Almost everyone can use some help with the interior design of their home at some point in their lives, but should you hire a professional interior designer -and which one – and how much should you be prepared to invest?
If you’ve decided that the answer is YES, already, to hiring an interior designer, here are 3 main points to consider with respect to -> How To Hire An Interior Designer.
Point 1 To Consider:
WHAT TYPE OF PERSONALITY ARE YOU?
Knowing your personality type and that of your husband or wife, girlfriend or boyfriend and/or any other decision makers involved is the first step to having a happy outcome when you hire a professional interior designer to assist you. It will also help you and your designer determine which type of fee structure will best suit your financial needs, while still enabling your designer to make a profit, since different designers charge differently, based on their experience and the type of client they have.
There are 2 main client personality types in most interior design jobs: I call them the: DIY/Collaborator Client or NoTimeAvailable/PleaseDoItAll Client.
Of course, there are many subtle variations on these, but, in general, you may see yourself in one of these two types of client types, and the more honest you are with the designers you’re interviewing about which type you are and your expectations, the happier the process and the outcome will be for both of you!
ARE YOU THE “DIY COLLABORATOR” CLIENT TYPE?
Some of you reading this, as the potential client, may need to be/enjoy being/want to be involved in all the design decisions, small and large, and will want to send your designer lots and lots of pictures of things you’ve found that you love. You’re thrilled to begin designing your home, or perhaps just a room in it, and may want to do some things yourself, and just need a designer to help you figure a few things out.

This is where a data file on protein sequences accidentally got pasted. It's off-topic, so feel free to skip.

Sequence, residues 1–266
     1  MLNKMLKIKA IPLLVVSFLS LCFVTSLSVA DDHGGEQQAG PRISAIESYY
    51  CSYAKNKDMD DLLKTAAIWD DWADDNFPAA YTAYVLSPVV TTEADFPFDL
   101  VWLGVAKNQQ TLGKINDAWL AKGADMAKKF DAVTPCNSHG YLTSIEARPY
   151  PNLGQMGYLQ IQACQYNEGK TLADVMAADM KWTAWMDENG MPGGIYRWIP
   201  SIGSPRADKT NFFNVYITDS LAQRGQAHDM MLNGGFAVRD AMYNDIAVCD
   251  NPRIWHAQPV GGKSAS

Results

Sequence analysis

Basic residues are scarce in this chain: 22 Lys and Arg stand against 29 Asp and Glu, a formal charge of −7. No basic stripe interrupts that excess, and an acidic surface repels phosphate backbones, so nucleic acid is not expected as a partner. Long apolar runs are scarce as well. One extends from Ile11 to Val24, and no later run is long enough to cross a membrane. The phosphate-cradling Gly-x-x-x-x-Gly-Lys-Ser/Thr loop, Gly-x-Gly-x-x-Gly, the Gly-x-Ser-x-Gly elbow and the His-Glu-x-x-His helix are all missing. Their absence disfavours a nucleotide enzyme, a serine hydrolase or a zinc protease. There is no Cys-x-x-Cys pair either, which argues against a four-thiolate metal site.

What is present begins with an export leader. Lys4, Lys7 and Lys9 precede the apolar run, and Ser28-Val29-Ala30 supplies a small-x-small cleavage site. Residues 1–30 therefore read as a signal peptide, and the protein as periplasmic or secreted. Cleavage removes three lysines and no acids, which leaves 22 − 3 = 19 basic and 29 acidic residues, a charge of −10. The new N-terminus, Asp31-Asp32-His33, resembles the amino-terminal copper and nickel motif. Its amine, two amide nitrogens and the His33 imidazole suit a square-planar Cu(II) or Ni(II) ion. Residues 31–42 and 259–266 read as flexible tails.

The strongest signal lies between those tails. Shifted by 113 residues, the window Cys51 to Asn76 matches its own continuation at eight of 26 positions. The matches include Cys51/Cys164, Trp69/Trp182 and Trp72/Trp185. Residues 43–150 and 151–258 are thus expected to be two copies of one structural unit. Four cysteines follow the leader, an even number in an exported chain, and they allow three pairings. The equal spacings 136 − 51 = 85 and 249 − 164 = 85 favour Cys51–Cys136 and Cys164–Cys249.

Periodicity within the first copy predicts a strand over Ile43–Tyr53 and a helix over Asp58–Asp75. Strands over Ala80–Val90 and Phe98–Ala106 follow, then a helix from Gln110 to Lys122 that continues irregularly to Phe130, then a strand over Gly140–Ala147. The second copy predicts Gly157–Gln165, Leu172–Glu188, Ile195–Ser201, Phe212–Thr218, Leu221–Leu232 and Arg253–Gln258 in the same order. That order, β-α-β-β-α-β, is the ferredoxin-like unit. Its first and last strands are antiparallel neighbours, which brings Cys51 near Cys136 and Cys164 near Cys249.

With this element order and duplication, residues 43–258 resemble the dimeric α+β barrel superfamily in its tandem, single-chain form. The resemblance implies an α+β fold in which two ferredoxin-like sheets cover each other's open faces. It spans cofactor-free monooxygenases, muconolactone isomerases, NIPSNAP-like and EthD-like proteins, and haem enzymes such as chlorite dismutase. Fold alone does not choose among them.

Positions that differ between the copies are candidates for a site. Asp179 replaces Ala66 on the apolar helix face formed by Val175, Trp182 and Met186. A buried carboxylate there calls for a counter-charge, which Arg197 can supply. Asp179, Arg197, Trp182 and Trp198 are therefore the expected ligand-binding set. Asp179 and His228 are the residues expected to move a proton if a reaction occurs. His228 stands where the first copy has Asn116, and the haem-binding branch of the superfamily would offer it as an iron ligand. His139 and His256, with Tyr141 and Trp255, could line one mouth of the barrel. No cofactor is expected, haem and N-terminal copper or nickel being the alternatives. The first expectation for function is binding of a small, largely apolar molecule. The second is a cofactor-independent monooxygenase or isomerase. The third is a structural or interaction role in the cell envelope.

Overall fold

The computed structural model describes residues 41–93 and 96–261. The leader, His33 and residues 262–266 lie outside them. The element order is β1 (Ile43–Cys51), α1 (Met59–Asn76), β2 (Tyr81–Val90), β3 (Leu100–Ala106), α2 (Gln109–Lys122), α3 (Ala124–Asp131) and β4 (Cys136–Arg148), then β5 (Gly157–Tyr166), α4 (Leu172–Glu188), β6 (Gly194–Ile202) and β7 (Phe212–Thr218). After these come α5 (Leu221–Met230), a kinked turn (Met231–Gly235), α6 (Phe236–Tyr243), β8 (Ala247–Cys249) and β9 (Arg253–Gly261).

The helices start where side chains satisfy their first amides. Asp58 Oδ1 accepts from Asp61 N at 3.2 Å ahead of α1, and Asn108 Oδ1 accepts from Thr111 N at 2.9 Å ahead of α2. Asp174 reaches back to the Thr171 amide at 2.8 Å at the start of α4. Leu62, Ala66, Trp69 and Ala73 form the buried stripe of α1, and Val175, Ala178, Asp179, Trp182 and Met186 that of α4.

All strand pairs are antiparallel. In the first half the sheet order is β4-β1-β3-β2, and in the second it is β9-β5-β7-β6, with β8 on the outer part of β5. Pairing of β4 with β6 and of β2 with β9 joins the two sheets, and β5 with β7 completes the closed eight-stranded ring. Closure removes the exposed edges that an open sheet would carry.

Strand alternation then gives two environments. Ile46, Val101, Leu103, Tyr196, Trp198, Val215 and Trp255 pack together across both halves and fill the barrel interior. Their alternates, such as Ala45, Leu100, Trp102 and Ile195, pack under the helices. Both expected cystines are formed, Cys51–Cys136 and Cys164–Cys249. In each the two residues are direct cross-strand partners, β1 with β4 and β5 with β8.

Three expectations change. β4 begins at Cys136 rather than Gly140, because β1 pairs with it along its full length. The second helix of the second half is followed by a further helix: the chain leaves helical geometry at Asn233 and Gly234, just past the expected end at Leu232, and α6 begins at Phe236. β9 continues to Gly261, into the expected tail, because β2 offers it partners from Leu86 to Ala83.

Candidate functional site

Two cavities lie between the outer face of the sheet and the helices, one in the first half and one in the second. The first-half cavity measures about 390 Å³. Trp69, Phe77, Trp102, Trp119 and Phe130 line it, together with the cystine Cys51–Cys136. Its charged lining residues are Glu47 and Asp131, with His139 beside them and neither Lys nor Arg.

If this is your personality type, and you’re looking for a designer to be your collaborator, you will want to share that you have this expectation and desire ahead of time in the interview process so that you have fun, wonderful experience with your designer and an outcome that everyone in your family is happy with when the process is finished.
ARE YOU THE “NO TIME AVAILABLE/PLEASEDOITALL” CLIENT TYPE?
Some of you, as the potential client, may recognize that all the decision making that goes into a beautiful home can be overwhelming, time-wise, for you and you simply don’t have the time available in your day to be involved in it. You want to be able to turn most of it, if not all of it, to a designer that you believe deeply understands your needs and that can be trusted to coordinate every aspect of your job for you and to take care of the myriads of problems that come up on any job site, without bothering you with all the details.
If this is you, you will want to hire a designer, not only with the discernment, experience and knowledge to guide you appropriately, but with deep experience in project management, too, to insure a successful and beautiful outcome for your home.
POINT 2 To Consider:
THE INTERVIEW PROCESS IS A TWO WAY STREET
Knowing your personality and the personality of the decision makers involved and then discussing this up front during the designer interview process is the #1 predictor of whether you and your interior designer will be compatible and a match for each other, or not.
However, the interview process is also a two way street and it’s important to consider this. Why?
Some interior designers love working collaboratively and thrive when the client is involved and other designers will know that they do their best work with clients who trust them completely and are hands off.
A considerate interior designer will kindly turn down the opportunity to work with you if they sense you’re not a match for their personality type.
So, if your favorite interior designer, based on their work and initial phone consultation or meeting, politely but firmly says they don’t think you’re a match, consider yourself fortunate to have met a true professional who is trying to save both of you from having an unhappy working relationship.
Point 3 To Consider:
YOUR INVESTMENT IN INTERIOR DESIGN SERVICES
Based on knowing what type of client you will be, and what your needs will be, you will then want to consider the type of investment you’re prepared to make in interior design services. The successful outcome of your working relationship with your interior designer will come in large part in having an open, honest conversation about how much you are able to and willing to invest in their interior design services ahead of time.
As many of you know, interior designers charge in varying ways for their services.